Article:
BALTIMORE, MD (July 17, 2013) – With some of the hottest weather of the summer increasing the potential for bad air quality, the Maryland Department of the Environment reminds residents to take steps to protect their health and the air we breathe.
The air quality forecast for today through Friday for metropolitan Baltimore, the Maryland portion of metropolitan Washington and Maryland’s Eastern Shore is “Code Orange.” A Code Orange forecast indicates that air quality is likely to be unhealthy for sensitive groups such as children, the elderly and adults with respiratory and heart ailments. Those groups should limit time outside.
To protect the air – and, in turn, everyone’s health – on bad air days you should: avoid or reduce driving (use public transportation, carpool or telework); reduce car idling; refuel your car after dusk; use a propane grill instead of charcoal; avoid mowing the lawn or use an electric mower; and delay painting and avoid using aerosol products.
So far in 2013, there have been three Code Orange Days and no Code Red days in the Baltimore region. In the Maryland portion of the metropolitan Washington region, there has been one Code Orange day and no Code Red days. Clean Air Partners’ Air Quality Action Guide includes an explanation of air quality ratings, from Code Green for good air quality to Code Purple for very unhealthy air.
The quality of the air across Maryland continues to show measurable signs of improvement, the Maryland Department of the Environment's review of preliminary monitoring results from 2012 shows. Hot weather is a significant factor in the formation of the pollutant ground-level ozone, but the ratio of bad air days to temperature has declined over the years in Maryland.
For air quality forecasts and information on air quality, go to MDE’s website or to cleanairpartners.net, where you can sign up to receive emailed air quality alerts. Clean Air Partners also offers a free smart phone app to receive air quality forecasts. You can also call MDE’s air quality hotline at 410-537-3247.
Air pollution levels typically peak during the summer, when air can stagnate and the sun reacts with chemical compounds to form ground-level ozone. Health effects associated with ozone include decreased lung function, asthma attacks, and eye irritation.MDE collects air quality readings hourly at 24 sites across Maryland. The readings are for levels of such pollutants as ground-level ozone, fine particles, carbon monoxide and sulfur dioxide, along with oxides of nitrogen, compounds that when warmed by the sun can create ozone. The readings are given a numerical value, with ranges that indicate levels of health concern. MDE provides current readings for a map that is displayed online.MDE meteorologists combine their knowledge of how pollutants react to weather with the predicted weather for upcoming days to develop air quality forecasts.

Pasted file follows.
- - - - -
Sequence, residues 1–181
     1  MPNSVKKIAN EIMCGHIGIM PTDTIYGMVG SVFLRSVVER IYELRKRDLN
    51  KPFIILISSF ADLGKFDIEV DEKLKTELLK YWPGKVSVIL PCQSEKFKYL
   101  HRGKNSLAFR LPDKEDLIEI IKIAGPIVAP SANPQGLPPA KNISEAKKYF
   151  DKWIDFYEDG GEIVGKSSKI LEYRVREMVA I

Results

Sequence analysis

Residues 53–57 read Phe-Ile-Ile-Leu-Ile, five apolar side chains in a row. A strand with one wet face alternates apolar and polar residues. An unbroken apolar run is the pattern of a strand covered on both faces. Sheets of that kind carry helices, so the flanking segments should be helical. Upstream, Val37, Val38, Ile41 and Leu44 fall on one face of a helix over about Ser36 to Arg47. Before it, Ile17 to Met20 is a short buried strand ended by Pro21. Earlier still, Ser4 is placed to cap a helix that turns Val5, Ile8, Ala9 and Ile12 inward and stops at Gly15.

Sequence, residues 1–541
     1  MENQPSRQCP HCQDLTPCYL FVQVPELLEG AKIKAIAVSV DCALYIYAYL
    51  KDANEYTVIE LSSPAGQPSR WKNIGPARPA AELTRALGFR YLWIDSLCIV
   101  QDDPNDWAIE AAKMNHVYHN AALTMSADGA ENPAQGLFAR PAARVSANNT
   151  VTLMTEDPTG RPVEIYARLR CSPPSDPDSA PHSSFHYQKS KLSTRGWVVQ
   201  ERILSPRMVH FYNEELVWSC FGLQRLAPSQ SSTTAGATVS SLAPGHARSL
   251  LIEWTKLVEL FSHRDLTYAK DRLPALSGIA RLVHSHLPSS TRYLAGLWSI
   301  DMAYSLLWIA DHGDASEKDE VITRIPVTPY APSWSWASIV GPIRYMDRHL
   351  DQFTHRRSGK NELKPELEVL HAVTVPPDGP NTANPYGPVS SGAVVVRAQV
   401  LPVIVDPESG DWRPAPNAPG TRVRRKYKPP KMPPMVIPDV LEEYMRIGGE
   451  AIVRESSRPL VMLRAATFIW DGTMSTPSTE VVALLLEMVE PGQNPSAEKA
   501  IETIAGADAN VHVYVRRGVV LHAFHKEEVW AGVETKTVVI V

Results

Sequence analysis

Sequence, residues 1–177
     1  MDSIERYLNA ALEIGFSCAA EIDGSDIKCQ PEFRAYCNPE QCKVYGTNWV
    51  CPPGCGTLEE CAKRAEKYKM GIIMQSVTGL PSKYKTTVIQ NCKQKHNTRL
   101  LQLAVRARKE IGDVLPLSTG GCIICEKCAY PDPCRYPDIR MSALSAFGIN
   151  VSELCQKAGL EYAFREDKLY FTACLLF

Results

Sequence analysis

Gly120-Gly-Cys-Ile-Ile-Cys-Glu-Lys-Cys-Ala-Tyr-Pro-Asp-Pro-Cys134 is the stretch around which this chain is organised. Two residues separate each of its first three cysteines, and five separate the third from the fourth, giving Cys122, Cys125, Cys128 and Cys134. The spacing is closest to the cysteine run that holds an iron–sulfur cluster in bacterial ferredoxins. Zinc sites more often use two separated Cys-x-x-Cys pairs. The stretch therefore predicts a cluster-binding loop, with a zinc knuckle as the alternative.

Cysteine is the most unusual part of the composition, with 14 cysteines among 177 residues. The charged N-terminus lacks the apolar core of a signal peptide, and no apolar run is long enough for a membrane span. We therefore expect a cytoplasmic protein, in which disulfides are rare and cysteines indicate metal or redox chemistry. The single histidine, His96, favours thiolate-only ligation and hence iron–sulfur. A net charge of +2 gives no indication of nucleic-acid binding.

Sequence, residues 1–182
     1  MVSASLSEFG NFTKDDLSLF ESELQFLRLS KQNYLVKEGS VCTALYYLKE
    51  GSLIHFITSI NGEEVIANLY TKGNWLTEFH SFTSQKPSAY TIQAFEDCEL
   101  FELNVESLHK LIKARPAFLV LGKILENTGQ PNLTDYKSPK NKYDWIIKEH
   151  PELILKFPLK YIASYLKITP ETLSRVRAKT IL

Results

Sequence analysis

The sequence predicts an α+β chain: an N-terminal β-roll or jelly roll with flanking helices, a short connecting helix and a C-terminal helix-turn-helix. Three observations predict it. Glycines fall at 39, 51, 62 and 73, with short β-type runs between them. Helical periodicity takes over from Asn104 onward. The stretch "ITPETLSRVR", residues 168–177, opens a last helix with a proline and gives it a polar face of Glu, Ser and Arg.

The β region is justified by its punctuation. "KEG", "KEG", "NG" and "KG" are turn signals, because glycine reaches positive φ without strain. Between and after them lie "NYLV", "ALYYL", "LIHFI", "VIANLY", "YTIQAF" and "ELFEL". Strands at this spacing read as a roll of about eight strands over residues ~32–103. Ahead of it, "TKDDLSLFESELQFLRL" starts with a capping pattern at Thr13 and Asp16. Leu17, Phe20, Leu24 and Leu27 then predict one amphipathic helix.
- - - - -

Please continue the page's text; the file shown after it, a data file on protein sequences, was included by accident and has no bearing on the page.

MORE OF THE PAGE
Preliminary results of 2012 air quality monitoring data show continued improvements in our State’s air quality thanks to decades of sustained efforts and the continued strong support of Maryland’s air quality programs by Governor Martin O’Malley. With Maryland’s implementation of the Healthy Air Act, the Clean Cars Act, the Regional Greenhouse Gas Initiative, energy conservation and renewable energy goals, the scientific evidence shows that Maryland has effective controls in place to address the air pollution generated in-State. However, the science also demonstrates clearly that Maryland cannot fully meet air quality standards that protect public health unless air pollution generated outside of our State’s borders is controlled. Research indicates that states upwind of Maryland are responsible for as much as 70 percent of Maryland’s current air quality problem. Therefore, reducing emissions in upwind states is the key to solving our air quality problems.
Studies have indicated that climate change, if unaddressed, could result in increased ozone and fine particle levels, increasing adverse health effects. Governor O'Malley will release his final Greenhouse Gas Reduction Plan July 25, which includes implementation of policies to mitigate these harmful air quality issues.
What You Can Do
“Breathing clean air is something most of us take for granted. But if you have respiratory concerns such as asthma, poor air quality is something that can’t be ignored. We all make choices everyday that can help reduce air pollution.”
--Robert M. Summers, Secretary, Maryland Department of the Environment
1800 Washington Boulevard, Baltimore, MD 21230